The worst part is that the program seems to reveal a new ugly detail every other week. For example, I doubt very many people know that the penalty for not having coverage rises to 2% of their income or a minimum of $375 in 2015 and is set to rise every year after that. I can't think of a more regressive tax (other than maybe payroll taxes) that hits the working poor up through the middle class more directly than that.

      I've spent hundreds and hundreds of hours studying Obamacare and the healthcare industry over the past five years and could go on all day about these issues. But I'm not in the book writing business. :-)

  2. John you seem a bit aggravated (understatement) and I don't blame you. I do know that the Repub SD Governor refused the medicaid plan and the state chose not to set up an exchange. Don't know if that has any impact on what is happening to you or not. If this is an issue with the ACA then we should be hearing from other fulltimers. So far you are the first.

    In the end the ACA was a bastardized attempt to do something useful, namely provide universal healthcare. But since that is a SOCIALIST policy it was beaten to within an inch of its life and the result is the clusterfk we have today.

    I hope that it will be a starting point for something that this country really needs genuine universal coverage. It would be great if our politicians all saw that as a beneficial goal and tried to figure out a way to make it financially feasible rather than screaming socialism, communism, etc.

    I worked for and retired from insurance. In fact, I worked for both government and two of the largest companies in the country and based on that experience I don't believe either one has the market on incompetence.

    The latest example for me is that I have had to begin taking an expensive Jus that would run about $400 a month without insurance. Dealing with the carrier to get the first rx filled took two weeks, multiple phone calls to the doctor and the insurer with over 16 calls in the last two days including three automated calls from them one of which said it was on the way no worries only minutes after I was told it wasn't on the way. Even after they said everything was taken care of and sent me an email with a tracking number on 12/23 I was to learn on 12/26 it was the wrong tracking number and had not been mailed. Not because they called me but because I called them.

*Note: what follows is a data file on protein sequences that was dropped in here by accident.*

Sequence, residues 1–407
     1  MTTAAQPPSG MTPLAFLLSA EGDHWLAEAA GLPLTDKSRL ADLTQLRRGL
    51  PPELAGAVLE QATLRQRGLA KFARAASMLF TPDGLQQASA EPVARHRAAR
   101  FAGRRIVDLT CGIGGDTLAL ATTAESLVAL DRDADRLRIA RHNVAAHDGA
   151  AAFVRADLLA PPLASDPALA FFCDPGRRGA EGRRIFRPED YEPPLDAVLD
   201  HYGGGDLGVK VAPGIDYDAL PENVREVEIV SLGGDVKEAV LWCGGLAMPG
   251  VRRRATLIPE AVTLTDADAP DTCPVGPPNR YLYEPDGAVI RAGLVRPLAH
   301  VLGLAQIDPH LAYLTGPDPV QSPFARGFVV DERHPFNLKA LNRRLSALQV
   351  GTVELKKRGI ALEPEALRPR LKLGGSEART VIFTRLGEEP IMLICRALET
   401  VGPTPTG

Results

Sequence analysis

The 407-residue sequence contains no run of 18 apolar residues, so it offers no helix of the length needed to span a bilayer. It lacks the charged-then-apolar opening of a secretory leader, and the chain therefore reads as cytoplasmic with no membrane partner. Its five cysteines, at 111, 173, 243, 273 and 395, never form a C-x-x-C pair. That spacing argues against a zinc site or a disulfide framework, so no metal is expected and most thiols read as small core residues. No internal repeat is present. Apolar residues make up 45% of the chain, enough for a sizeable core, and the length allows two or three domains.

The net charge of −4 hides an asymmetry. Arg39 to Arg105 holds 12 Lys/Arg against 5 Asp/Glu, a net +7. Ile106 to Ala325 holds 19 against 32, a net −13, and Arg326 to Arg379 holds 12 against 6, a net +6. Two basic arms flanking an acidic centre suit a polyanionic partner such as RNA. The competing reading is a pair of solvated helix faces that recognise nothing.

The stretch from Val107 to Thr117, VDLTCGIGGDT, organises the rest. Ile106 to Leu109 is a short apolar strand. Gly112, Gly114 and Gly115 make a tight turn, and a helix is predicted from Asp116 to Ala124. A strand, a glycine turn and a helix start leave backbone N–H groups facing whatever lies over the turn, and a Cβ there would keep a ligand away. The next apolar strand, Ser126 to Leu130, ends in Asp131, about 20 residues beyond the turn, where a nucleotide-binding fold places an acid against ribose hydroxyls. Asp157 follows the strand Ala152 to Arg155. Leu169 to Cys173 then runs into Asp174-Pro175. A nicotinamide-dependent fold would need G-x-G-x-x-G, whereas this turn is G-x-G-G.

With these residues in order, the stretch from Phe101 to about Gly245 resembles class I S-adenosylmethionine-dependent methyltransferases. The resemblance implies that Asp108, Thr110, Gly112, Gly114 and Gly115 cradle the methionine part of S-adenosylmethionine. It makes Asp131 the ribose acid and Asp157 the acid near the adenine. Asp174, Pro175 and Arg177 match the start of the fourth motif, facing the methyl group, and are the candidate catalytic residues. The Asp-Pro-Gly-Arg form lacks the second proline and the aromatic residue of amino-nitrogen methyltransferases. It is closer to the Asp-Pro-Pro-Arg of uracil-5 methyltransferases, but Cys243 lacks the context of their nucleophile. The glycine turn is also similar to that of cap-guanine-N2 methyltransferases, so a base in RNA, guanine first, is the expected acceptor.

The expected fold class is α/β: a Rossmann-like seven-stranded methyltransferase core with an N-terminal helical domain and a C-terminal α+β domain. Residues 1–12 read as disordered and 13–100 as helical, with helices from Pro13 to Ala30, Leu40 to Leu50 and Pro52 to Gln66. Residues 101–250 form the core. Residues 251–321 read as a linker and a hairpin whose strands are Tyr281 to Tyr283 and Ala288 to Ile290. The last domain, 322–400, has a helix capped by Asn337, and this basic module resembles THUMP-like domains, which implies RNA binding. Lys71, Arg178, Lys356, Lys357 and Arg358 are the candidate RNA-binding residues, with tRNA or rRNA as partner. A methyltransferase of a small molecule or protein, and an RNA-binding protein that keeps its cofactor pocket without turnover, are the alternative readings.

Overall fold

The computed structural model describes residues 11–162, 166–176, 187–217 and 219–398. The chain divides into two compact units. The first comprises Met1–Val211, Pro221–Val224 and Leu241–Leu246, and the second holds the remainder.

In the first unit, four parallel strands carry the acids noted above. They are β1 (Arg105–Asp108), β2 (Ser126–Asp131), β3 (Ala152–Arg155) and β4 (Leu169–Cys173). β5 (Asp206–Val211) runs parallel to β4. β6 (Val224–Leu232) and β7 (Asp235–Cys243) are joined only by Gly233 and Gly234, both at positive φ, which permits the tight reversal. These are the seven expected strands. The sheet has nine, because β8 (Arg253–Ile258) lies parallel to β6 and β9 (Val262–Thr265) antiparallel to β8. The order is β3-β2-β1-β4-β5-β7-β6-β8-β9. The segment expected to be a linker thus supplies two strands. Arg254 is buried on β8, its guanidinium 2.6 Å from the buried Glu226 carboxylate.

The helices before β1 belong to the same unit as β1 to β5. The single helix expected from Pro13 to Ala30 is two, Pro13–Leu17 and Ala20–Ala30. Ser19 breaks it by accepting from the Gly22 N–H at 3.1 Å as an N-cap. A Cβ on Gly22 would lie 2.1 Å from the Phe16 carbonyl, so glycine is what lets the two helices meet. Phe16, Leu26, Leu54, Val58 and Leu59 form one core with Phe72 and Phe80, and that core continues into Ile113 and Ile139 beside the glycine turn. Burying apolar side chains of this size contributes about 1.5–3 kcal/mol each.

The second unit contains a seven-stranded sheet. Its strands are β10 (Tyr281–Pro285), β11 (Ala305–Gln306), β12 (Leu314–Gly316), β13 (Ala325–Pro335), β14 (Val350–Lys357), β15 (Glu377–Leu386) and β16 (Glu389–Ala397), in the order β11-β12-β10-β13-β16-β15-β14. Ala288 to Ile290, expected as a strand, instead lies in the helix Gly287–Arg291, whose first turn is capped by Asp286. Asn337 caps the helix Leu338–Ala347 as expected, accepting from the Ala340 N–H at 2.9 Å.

I am currently trying to get an erroneous charge removed from a medical bill from the Mayo Clinic that occurred in July 2013. I notified them of their mistake in the same month. It was finally removed this November only to be added again the first of December. A year and a half later still fucking with it. It isn't complicated the charge was for a service they didn't perform. Called the insurer who had paid their portion at the same time and they didn't care and still don't have their money back. So, Mayo is attempting to collect it again including the insurance adjustment.

    I spent my life trying to stay healthy but that doesn't always work. Keep your fingers crossed you won't actually need to use healthcare anytime soon.


    1. that should have been new drug not new Jus


    2. You don't hear more from fulltimers for two reasons. First, almost all fulltimers are either old enough for Medicare or they have some heathcare coverage provided by a former employer such as a private or public sector union, and so they don't use Obamacare. Second, the majority of fulltimers we've met either still own some kind of property in the state they claim as their residence or claim a family/friend residence as their physical address and wouldn't have the issue even arise. Which one of those categories do you fall into? In three years, we've only met two other couples who are fulltimers and need to use the Obamacare exchanges. They both chose to skip the coverage and pay the fine.

      This actually has nothing to do with states that are red or blue or have exchanges or not. Our experience directly is with California, South Dakota, and Idaho. Three very different states. The results are all the same. Our premiums have gone up 300% over what they were when we bought insurance through the old site beforte Obamacare existed. We will be shifting to Idaho solely because we own some raw land there. It won't save us any money on premiums or give us better coverage. Idaho is a red state with a its own exchange.

      When you think about it, insurance companies are acting entirely rationally. As you know, when you blow up an insurance company's actuarial tables by completely changing what coverage they must provide and who they must cover, the company will protect itself from risk by raising premiums and doing everything they can within the law to limit who they have to provide coverage for. Dakotacare found a loophole so they don't have to cover SD residents who don't own physical property or rent in the state. This was a complete surprise to the Federal help line I called to complain about this, and they had no idea what to do about it.

      I'm not being political when I say this law is falling apart. Neither party is addressing the root cause of the problem that I've written about in past blog postings. I also don't think single payer universal coverage will ever work in this country to control costs. The healthcare industry lobby is the largest industry contributor to both parties. They will never allow legislation that will remove their monopolistic and secretive pricing protections to be removed. They will also never allow a competitive, cash-based pricing system utilizing HSAs to ever gain a significant foothold.

    3. "They will never allow legislation that will remove their monopolistic and secretive pricing protections to be passed."